Old books, mysteries & ethical dilemmas

Tonight is the official opening of the New York International Antiquarian Book Fair. It’s also Charlotte Bronte’s birthday. So appropriate that one of the treasures that will be revealed at the fair is a tiny book Bronte wrote when she was only thirteen years old. No one (in the public) has seen this book since 1916. Now it will be for sale for $1.25 million. Or more.

 

Credit: Clark Hodgin for The New York Times

The little book contains 10 poems by Charlotte Bronte. Scholars have long  known that these poems existed because an 1857 biography of Bronte mentioned them, but no one has been able to read them or analyze them or transcribe them. As Jennifer Schuessler explained in The New York Times, “The miniature microvolumes had remained in the Brontë family until the 1890s, when they were dispersed, along with many other manuscripts and artifacts, after the death of the second wife of Charlotte’s widower. Today, all the other tiny books made by Charlotte are in institutional collections, including the Morgan Library & Museum in New York.”

The mystery of collecting

What I find myself cogitating over is the potential buyer of this treasure. What is she going to do with this book? She could lay out her $1.25 million (or more) for Bronte’s little book and stick it in a closet with instructions that no one ever be able to see it again. Or she could donate it to the NY Public Library. That led me to wonder what I would do if someone offered me $1.25 million to buy one of my mystery novels, on the condition that no one but the buyer ever be able to look at it.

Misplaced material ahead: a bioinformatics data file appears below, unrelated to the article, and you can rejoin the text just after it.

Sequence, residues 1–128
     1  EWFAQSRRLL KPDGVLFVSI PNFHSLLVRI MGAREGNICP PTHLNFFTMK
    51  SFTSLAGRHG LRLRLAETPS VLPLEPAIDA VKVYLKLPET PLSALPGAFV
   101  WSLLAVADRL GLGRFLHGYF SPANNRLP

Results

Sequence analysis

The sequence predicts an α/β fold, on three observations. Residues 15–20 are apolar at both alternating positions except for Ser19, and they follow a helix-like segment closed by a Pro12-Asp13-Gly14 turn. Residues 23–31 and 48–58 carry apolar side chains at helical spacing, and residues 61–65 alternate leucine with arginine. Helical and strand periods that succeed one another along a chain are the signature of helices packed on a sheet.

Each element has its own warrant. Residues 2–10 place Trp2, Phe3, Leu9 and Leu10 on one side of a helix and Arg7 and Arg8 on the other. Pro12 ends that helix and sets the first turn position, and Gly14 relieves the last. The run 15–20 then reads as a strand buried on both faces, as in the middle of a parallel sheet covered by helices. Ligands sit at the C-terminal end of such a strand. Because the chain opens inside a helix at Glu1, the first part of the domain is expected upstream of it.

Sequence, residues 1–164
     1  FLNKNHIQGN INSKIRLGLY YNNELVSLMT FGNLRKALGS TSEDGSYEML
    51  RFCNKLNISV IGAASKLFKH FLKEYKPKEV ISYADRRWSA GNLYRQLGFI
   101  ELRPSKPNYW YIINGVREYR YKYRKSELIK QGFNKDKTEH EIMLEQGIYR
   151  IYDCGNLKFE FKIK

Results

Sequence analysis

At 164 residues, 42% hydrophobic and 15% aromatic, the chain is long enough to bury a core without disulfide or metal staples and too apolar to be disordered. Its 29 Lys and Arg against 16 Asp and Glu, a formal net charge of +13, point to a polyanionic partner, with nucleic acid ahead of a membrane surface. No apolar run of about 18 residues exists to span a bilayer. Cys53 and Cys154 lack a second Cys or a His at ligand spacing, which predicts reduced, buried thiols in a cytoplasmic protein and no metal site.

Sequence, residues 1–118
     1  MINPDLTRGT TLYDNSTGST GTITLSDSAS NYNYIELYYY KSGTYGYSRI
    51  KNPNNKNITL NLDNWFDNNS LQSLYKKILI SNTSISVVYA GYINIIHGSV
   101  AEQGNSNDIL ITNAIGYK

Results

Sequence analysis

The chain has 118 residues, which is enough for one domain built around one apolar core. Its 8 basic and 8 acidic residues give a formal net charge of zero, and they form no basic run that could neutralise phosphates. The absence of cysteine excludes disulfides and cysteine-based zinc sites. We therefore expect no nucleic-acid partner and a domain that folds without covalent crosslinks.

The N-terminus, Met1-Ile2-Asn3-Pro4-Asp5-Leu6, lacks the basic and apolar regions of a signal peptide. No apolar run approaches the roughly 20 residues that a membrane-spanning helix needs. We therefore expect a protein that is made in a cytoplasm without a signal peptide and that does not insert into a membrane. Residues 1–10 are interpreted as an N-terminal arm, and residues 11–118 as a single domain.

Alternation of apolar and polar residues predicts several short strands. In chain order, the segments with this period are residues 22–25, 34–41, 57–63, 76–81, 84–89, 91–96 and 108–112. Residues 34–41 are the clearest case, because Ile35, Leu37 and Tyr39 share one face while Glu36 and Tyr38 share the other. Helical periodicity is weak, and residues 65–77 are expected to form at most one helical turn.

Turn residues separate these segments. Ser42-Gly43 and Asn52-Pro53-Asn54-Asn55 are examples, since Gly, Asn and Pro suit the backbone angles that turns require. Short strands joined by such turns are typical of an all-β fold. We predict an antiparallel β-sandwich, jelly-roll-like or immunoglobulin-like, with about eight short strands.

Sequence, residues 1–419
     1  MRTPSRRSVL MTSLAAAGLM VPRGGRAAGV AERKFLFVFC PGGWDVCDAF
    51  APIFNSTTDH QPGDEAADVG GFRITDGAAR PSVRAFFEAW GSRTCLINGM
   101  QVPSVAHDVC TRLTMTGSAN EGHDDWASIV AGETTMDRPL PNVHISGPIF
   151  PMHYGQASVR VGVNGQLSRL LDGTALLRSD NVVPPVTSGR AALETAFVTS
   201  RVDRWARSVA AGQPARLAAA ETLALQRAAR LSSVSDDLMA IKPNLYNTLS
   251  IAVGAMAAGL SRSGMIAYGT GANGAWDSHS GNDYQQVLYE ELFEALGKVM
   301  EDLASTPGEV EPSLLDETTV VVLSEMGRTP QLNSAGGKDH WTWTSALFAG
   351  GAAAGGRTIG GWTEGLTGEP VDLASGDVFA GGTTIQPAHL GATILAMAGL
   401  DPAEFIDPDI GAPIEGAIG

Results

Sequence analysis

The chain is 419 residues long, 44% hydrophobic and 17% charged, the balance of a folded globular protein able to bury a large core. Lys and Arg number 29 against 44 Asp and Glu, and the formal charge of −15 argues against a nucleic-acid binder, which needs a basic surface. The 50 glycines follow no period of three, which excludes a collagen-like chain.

Would I take the money? Would you?

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Susan Breen is the author of the Maggie Dove mystery series. Her stories have been published in Alfred Hitchcock’s Mystery Magazine and Ellery Queen’s Mystery Magazine. She teaches novel-writing at Gotham Writers and is on the staff of the New York Pitch Conference. www.susanjbreen.com

 

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4 comments

  1. Bloggers pose questions at the end of their posts, and I’m rarely interested in posting an answer. But your question is provocative and worthy or lengthy debate. I wish my response was as interesting! I would rather my book be out and about so it could be read by as many (or as few) readers as had an interest. Who knows? Perhaps I could sell enough copies to make $2 million! (Even if they didn’t, I like the idea of one supporting one’s book. We all need to have as much faith in our books as we do our children, right?

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